January 24, 2021*
By Pastor John Partridge
What does it mean when we say that we are in the hands of God?
Of course, we sometimes joke about being in God’s hands, or about the wrath of God, such as this exchange with the mayor of New York City in Ghostbusters where the Ghostbusters were trying to communicate the seriousness of the situation presented by the appearance of the god Zuul:
Dr Ray Stantz: What he means is Old Testament, Mr. Mayor, real wrath-of-God type stuff.
Dr. Peter Venkman: Exactly.
Dr Ray Stantz: Fire and brimstone coming down from the skies. Rivers and seas boiling.
Dr. Egon Spengler: Forty years of darkness. Earthquakes, volcanoes…
Winston Zeddemore: The dead rising from the grave.
Dr. Peter Venkman: Human sacrifice, dogs and cats living together – mass hysteria.
And, as a comedy, it was funny. We all laughed. But the real wrath of God is anything but funny.
The early church father Origen of Alexandria, who lived from 184 to 253 AD., once said:
“We speak, indeed, of the wrath of God. We do not, however, assert that it indicates any passion on His part, but that it is something which is assumed in order to discipline by stern means those sinners who have committed many and grievous sins.”
Origen says God’s wrath is an unfolding of discipline directed against those people, and nations, that have committed many and grievous sins.
John Calvin expanded on that by saying, “When God wants to judge a nation, He gives them wicked rulers.”
And, at the founding of our nation, George Washington shared that understanding when he urged his countrymen to build a nation that would remain in God’s good graces by saying:
“Let us raise a standard to which the wise and honest can repair; the rest is in the hands of God.”
It is worth pausing here to clarify that Washington wasn’t saying that our nation needed to fix something that was broken but was instead using a definition of repair that isn’t quite as common today than it was in the 1700’s. In this sentence, Washington isn’t saying that our nation is broken, but that we needed to set a standard for government toward which wise and honest people would want to go, or one around which such people would want to rally. It was Washington’s hope that this new nation would be, as Ronald Reagan described it, “A shining city on a hill,” and “A beacon of hope.”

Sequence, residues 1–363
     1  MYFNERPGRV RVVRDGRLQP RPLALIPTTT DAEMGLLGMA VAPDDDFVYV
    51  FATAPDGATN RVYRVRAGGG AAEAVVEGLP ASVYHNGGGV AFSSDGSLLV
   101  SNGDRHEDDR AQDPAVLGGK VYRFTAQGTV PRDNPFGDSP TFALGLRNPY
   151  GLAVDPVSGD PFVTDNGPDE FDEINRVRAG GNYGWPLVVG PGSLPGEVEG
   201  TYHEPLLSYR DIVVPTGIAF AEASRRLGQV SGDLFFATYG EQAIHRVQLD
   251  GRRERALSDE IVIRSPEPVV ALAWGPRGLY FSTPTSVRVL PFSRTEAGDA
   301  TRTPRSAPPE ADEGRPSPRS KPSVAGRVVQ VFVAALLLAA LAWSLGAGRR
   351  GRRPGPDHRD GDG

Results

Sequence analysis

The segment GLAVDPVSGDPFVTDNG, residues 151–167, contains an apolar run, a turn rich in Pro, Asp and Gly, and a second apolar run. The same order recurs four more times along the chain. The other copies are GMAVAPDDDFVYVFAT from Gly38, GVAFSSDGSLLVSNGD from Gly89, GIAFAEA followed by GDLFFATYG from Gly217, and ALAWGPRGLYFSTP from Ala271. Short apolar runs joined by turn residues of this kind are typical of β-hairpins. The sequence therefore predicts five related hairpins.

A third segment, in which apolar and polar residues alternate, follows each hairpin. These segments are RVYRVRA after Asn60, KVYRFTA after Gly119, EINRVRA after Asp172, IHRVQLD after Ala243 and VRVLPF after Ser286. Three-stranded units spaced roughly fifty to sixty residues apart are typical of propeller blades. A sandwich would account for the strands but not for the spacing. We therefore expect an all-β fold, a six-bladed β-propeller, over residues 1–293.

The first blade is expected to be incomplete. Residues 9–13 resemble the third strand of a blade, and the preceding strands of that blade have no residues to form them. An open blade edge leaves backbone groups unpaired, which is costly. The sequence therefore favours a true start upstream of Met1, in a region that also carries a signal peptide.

But why does any of that matter? Why is that relevant?
It matters, because people and nations that wander far from God run the risk of falling out of God’s good graces. In the biblical story of Jonah, we hear the story of the city of Nineveh, and the nation of Assyria which had become almost entirely evil. And that evil caused God to warn them that, without repentance and change, he intended to destroy them. Of course, Assyria and Israel were enemies, so Jonah wanted God to destroy Nineveh, but once we get past the story of Jonah’s rebellion and the incident with the whale, Jonah obeys and carries God’s message to the people of Nineveh in Jonah 3:1-5, 10 where we hear this:
3:1 Then the word of the Lord came to Jonah a second time: 2 “Go to the great city of Nineveh and proclaim to it the message I give you.”
3 Jonah obeyed the word of the Lord and went to Nineveh. Now Nineveh was a very large city; it took three days to go through it. 4 Jonah began by going a day’s journey into the city, proclaiming, “Forty more days and Nineveh will be overthrown.” 5 The Ninevites believed God. A fast was proclaimed, and all of them, from the greatest to the least, put on sackcloth.
10 When God saw what they did and how they turned from their evil ways, he relented and did not bring on them the destruction he had threatened.
Nineveh was evil, but their repentance caused God to relent and did not bring upon them the destruction that he had threatened. At least not right away. In the end, Nineveh and Assyria returned to their wicked ways and the prophet Nahum declares that God intends to bring them to judgement, and not long afterwards, the Babylonian Empire wipes Nineveh off the face of the planet.
Oddly enough, the message carried by Jonah was almost the same message that we hear in Mark 1:14-20 as Jesus begins his ministry in Galilee.
14 After John was put in prison, Jesus went into Galilee, proclaiming the good news of God. 15 “The time has come,” he said. “The kingdom of God has come near. Repent and believe the good news!”
16 As Jesus walked beside the Sea of Galilee, he saw Simon and his brother Andrew casting a net into the lake, for they were fishermen. 17 “Come, follow me,” Jesus said, “and I will send you out to fish for people.” 18 At once they left their nets and followed him.
19 When he had gone a little farther, he saw James son of Zebedee and his brother John in a boat, preparing their nets. 20 Without delay he called them, and they left their father Zebedee in the boat with the hired men and followed him.